search the passenger compartment of a vehicle, incident to a recent occupant's arrest (and therefore without a warrant) only if it is reasonable to believe that the arrestee might access the vehicle at the time of the search, or that the vehicle contains evidence of the offense of arrest.

The judge in this case did not address the search incident issue, as such.  Instead, she found that

[a]ssuming arguendo that law enforcement's initial searches of [Williams’] cell phones were unlawful, [his] subsequent consent to the search of the cell phones was voluntary and purged of any arguable taint. Upon his lodging at a correctional facility, [Williams] expressed to law enforcement his desire to cooperate. In the five days that followed his arrest, [he] appeared before a magistrate judge, was appointed experienced counsel, and was advised of his rights. . . .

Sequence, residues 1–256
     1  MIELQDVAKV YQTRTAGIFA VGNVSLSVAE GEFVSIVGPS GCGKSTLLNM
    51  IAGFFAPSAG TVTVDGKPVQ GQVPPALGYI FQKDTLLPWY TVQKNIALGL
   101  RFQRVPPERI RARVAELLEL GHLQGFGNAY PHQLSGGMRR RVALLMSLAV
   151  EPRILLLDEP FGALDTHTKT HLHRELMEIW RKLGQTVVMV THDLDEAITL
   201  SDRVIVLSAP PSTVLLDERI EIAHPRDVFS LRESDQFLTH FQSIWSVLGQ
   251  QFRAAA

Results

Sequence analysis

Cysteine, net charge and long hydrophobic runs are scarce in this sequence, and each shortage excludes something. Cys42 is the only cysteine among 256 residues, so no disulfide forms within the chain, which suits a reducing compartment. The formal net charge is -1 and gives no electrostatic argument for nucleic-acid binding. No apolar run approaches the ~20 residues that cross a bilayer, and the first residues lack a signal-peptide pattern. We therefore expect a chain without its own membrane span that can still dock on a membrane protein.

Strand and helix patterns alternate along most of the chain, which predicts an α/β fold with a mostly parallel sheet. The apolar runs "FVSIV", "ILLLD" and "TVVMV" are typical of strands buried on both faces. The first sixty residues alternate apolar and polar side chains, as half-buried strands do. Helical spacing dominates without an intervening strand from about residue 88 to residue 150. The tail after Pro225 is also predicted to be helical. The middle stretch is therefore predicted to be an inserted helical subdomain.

[He] was accompanied by counsel and presented with the option of providing consent under specific terms to which he and his counsel agreed.  He was not forced to consent to the search or to provide the passwords that would permit it to take place. Instead, his decision to cooperate was a tactical one that he initiated. 

U.S. v. Williams, supra. 

So she held that “[b]ecause [Williams’] consent to search his cell phones was an act of free will untainted by the prior search, the exclusionary rule does not apply.”  The judge therefore denied his motion to suppress.  U.S. v. Williams, supra.